An increase in the CD163+/CD16+ monocyte subset could be a biomarker for the progression of HIV disease, according to researchers at Temple University, reported in the March issue of AIDS Research and Human Retroviruses.
A monocyte is a specific white blood cell, a part of the human body’s immune system that protects against blood-borne pathogens and moves quickly to sites of infection within the body’s tissues. As monocytes enter tissue, they undergo a series of changes to become macrophages.
The researchers were investigating alterations in this monocyte subset in patients with HIV infection. As part of this study, they examined a cohort of 18 patients from the Comprehensive HIV Program at Temple University Hospital, under the direction of Ellen Tedaldi, and seven individuals without HIV infection.
“At first, we were just looking at whether or not we saw alterations in this CD163+/CD16+ subset and whether it might be reflective of the amount of virus they have in circulation,” said Tracy Fischer-Smith, an associate scientist in Temple’s Neuroscience Department and the study’s lead author. “We did, indeed, find that patients with detectable virus had an increase of this monocyte subset that correlated with the amount of virus they had in their blood. We were surprised to find that patients with CD4+ T cell counts of less than 450 cells per microliter [200 or less per microliter is defined as AIDS], the increase of this monocyte subset correlates inversely with the number of T cells.”
Fischer-Smith said this finding suggests that as the monocyte cells are increasing, these patients are losing CD4+ T cells, which are critical for the maintenance of immunological competence.
“This may actually provide an earlier window into what is happening with HIV-infected patients where we might be able to see that immune impairment is taking place before we see a dramatic loss of CD4+ T cells,” she said.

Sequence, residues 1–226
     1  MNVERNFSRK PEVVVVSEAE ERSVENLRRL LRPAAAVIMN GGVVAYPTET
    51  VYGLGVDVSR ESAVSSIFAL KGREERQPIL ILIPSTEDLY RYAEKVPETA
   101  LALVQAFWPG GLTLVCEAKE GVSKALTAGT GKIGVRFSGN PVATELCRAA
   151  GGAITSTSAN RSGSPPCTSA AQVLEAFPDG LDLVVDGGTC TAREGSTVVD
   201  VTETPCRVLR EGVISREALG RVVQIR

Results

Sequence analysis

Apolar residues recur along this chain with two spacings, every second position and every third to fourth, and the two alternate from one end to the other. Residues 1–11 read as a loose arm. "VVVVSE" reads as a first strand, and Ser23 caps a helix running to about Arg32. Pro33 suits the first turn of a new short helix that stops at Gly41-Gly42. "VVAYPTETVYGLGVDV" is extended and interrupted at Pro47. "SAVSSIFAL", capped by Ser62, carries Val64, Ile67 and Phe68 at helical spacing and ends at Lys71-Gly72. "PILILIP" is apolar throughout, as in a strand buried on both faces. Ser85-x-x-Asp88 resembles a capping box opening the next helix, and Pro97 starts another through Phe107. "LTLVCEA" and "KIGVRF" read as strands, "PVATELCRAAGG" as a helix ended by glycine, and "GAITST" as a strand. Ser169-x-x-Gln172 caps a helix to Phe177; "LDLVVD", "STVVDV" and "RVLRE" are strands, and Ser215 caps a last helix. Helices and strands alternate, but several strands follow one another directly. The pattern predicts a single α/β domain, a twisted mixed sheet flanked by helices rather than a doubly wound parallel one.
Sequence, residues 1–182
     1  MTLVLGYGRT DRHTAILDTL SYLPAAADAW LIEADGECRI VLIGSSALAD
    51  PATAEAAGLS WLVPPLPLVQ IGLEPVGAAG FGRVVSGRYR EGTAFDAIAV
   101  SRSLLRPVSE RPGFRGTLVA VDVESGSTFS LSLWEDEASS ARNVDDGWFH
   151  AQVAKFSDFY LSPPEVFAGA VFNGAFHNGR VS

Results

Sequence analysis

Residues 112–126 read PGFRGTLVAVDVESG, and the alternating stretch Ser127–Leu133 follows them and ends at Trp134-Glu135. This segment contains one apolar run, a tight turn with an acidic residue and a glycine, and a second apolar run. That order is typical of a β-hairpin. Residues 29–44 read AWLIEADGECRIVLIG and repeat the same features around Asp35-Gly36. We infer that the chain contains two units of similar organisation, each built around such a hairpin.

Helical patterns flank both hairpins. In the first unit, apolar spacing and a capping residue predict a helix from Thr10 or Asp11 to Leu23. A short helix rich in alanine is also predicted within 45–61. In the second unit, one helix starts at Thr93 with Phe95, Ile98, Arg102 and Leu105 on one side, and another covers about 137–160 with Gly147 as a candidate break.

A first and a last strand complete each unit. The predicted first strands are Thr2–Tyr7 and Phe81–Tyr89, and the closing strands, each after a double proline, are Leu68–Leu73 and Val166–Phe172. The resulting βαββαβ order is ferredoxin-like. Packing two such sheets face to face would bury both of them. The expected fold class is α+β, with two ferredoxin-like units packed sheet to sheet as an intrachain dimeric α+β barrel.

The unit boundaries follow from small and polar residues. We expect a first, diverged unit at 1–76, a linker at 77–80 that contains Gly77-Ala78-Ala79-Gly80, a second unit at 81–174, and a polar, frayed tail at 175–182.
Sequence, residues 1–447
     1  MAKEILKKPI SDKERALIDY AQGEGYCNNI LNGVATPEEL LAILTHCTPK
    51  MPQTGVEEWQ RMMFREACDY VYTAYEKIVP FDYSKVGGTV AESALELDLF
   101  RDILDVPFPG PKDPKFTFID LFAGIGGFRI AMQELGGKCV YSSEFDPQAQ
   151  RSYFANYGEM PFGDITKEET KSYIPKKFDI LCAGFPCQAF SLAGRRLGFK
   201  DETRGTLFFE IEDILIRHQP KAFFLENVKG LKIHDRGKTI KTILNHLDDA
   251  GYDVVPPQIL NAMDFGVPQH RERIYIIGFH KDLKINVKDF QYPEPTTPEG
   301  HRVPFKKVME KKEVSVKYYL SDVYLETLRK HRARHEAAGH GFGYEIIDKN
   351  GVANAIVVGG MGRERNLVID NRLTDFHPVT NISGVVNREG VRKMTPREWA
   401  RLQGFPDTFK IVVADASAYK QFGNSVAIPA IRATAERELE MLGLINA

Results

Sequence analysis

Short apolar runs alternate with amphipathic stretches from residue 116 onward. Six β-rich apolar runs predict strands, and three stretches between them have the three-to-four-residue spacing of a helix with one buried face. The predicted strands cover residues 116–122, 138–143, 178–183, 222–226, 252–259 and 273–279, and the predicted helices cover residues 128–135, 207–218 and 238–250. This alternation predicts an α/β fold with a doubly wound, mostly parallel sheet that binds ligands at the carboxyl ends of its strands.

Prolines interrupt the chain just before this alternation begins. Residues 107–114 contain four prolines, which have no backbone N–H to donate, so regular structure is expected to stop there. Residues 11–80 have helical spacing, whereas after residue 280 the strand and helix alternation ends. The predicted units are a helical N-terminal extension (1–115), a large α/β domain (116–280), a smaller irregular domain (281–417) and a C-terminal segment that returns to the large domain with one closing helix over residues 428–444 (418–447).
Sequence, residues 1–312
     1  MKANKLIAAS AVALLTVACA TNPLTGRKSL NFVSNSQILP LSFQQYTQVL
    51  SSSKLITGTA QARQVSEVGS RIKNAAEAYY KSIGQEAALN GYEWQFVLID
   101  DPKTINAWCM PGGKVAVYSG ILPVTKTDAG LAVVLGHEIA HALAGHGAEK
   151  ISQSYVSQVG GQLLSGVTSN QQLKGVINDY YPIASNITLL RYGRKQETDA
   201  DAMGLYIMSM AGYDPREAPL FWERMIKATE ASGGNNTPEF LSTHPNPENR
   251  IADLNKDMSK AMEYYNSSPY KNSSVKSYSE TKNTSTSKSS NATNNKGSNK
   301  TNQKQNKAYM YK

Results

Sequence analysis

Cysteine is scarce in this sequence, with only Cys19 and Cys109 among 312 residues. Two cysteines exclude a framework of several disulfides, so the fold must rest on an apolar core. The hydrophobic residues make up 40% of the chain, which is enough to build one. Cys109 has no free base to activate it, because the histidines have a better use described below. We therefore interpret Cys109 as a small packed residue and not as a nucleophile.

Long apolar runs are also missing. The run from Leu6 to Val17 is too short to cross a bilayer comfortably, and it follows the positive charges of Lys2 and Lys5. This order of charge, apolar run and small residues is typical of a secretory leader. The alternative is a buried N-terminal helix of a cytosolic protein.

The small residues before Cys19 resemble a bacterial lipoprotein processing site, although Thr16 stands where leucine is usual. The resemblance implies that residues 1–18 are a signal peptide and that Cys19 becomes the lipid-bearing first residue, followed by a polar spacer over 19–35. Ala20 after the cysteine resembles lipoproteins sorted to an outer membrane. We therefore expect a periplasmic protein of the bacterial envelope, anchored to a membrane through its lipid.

“It looks like, based on these correlations, that this particular cell type may be involved in immune impairment and the progression of HIV,” said Jay Rappaport, professor of neuroscience and neurovirology, who oversaw the study. “Is it a good prognostic indicator? If you have a lot of these monocytes, does it mean you are going to progress into AIDS faster?
“Right now, all we know is what the correlations are,” he said.
Rappaport added that he believes the CD163+/CD16+ monocyte subset is the first biomarker that correlates with viral load and CD4+ count. “The fact that it actually correlates with both, we think, might make it a key cell type in the pathogenesis of AIDS.”
Fischer-Smith said the researchers plan to expand this study by following a cohort of patients longitudinally to see if their findings really can provide doctors with an early warning system and help to design better therapeutic strategies.
“When you are just looking at a single time-point, you don’t know how changes in this monocyte subset might occur over time, and how these changes might relate to the viral load and T cell number in individual patients,” she said. “That is why we want to investigate this further with a longitudinal study of HIV patients.”
The study was supported by the National Institute of Neurological Disorders and Strokes (NINDS) and the National Institute on Drug Abuse (NIDA).
Article – CD163/CD16 Coexpression by Circulating Monocytes/Macrophages in HIV: Potential Biomarkers for HIV Infection and AIDS Progression
Source: Temple University, USA